There is really no question that professional photography sells, period. Top agents use professional photography on every listing large or small because it’s just good marketing. Agents that consistently use a photographer and virtual tours will just do better than the next agent. They look good, have a better presentation and utilize technology. They have a method, and a big part of that method lies with the technology that My Visual Listings provides. Check out a My Visual Listings Virtual Tour sample here: http://www.myvisuallistings.com/pfsnb/196431. Here is a great article on real estate photography that remains true today.
From Instagram to Pinterest to Snapchat, digital photos have become their own mode of online and mobile communication. With 92 percent of home buyers using the Internet as part of their home search, listing photos are a critical factor in the selling price of your home, how quickly it sells, and whether it sells at all.
Positive First Impressions Pay Off
For homes listed between $200,000 and $1 million, Redfin found that homes with listing photos taken with DSLR cameras sell for $3,400 to $11,200 more relative to their list prices. At the high end of the spectrum, professionally photographed homes for more than $1 million sold at prices similar to those with amateur photographs. In Los Angeles, Redfin real estate agent Eric Tan says, “professional photography and even photo post-processing are expected on million dollar homes.” While million dollar homes take longer to sell, DSLR photography still helps these luxury homes sell faster than than they otherwise would.
DSLR Photos = More Money, Less Problems (Selling)
Across all price tiers, homes with DSLR photography were more likely to sell within six months than homes with point-and-shoot photos. In the $400,000 to $500,000 price range, 64 percent of homes with DSLR photos sold within six months, compared to 46 percent of homes with point-and-shoot photos. For those difficult-to-sell million dollar homes, 35 percent of professionally photographed homes sold in six months, compared to 30 percent of homes with point-and-shoot photos.
Sell Your Home in a Snap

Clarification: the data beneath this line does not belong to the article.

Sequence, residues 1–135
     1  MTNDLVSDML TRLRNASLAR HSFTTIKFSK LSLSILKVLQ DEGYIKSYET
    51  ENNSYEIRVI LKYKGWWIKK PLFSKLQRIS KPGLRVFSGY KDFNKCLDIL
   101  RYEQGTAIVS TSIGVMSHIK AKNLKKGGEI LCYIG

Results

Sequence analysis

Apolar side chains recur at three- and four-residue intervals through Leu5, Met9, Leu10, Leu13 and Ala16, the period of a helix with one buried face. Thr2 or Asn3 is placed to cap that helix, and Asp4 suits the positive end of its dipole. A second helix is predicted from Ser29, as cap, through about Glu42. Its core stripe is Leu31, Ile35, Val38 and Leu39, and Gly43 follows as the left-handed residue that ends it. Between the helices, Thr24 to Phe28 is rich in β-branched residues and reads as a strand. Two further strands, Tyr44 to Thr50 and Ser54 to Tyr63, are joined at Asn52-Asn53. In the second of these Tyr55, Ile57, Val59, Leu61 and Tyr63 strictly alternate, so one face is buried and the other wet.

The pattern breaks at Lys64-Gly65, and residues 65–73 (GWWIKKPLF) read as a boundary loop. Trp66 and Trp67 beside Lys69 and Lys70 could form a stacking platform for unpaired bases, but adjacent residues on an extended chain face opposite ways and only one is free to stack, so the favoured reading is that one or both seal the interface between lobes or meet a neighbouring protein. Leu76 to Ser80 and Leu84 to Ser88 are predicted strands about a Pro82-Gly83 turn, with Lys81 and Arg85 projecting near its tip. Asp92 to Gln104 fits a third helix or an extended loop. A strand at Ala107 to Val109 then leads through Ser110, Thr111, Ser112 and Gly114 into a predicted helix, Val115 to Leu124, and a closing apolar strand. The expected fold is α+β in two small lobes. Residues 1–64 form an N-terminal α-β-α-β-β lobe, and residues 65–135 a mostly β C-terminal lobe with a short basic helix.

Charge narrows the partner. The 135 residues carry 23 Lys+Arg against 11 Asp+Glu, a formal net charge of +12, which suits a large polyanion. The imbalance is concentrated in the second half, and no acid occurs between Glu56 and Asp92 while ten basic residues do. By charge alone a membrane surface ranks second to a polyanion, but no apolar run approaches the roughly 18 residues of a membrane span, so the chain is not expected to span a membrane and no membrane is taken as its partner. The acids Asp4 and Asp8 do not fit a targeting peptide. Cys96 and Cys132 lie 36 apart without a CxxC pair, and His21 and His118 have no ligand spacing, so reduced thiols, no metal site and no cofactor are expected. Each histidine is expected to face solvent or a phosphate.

Since professionally photographed homes are more likely to sell in general, and to sell for more money, it’s not surprising that these homes also sell faster. Because online searching and browsing is such a critical part of the home-buying process, it follows that a better-photographed home will sell faster because more people are enticed to visit the home and people know what they are getting before they even set foot in the home. Across all price ranges, homes with professional photos sold faster. In the million dollar range, professionally photographed homes sold four days faster, and those in the $400,000 range sold three weeks faster than their counterparts with amateur photos.
Look Sharp, Get More
For this latest study, Redfin dug a little deeper, looking at photo sharpness. Photo sharpness can be thought of as detail added to a picture by using a good camera, lens and lighting. Whether it’s a crisp reflection in a mirror, or bright flowers in the front yard, a sharper picture will show a house in its best light. We used some fancy math and image processing via OpenCV to group our photos by a sharpness percentile. The sharpest 10 percent of photos sold at or above list price 44 percent of the time, while listings with average sharpness sold at or above list just 13 percent of the time.
Two Professional Photo Success Stories
If you are looking for a few more examples of great listing photos that sold fast and at a good price, here are two homes listed and sold by Redfin from 2013.
This professionally photographed 3-bed, 1.75-bath home in Renton, Washington was listed at $329,950 by Redfin agent Monique Losk. Within five days of coming on the market, the sellers received a $332,450 offer and the home sold nearly one percent above the asking price.
This professionally photographed 2-bed, 2.5 bath home in Redmond, Washington, was listed at $449,950 by Redfin agent Loren Ellingson. The sellers had four offers within five days of placing the home on the market, and the 2-bed 2.5-bath home sold for $480,000 which was nearly seven percent above the asking price.